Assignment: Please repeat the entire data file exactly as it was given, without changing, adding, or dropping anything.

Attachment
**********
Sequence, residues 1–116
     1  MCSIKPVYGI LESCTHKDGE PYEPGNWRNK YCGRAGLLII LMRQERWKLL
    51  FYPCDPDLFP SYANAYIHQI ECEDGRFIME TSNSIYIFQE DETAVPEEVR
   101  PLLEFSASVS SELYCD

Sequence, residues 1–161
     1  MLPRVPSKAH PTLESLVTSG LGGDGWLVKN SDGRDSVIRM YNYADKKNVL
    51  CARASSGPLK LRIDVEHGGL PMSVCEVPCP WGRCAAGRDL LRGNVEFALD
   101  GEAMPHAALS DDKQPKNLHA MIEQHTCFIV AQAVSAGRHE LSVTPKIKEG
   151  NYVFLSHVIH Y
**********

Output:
Sequence, residues 1–116
     1  MCSIKPVYGI LESCTHKDGE PYEPGNWRNK YCGRAGLLII LMRQERWKLL
    51  FYPCDPDLFP SYANAYIHQI ECEDGRFIME TSNSIYIFQE DETAVPEEVR
   101  PLLEFSASVS SELYCD

Sequence, residues 1–161
     1  MLPRVPSKAH PTLESLVTSG LGGDGWLVKN SDGRDSVIRM YNYADKKNVL
    51  CARASSGPLK LRIDVEHGGL PMSVCEVPCP WGRCAAGRDL LRGNVEFALD
   101  GEAMPHAALS DDKQPKNLHA MIEQHTCFIV AQAVSAGRHE LSVTPKIKEG
   151  NYVFLSHVIH Y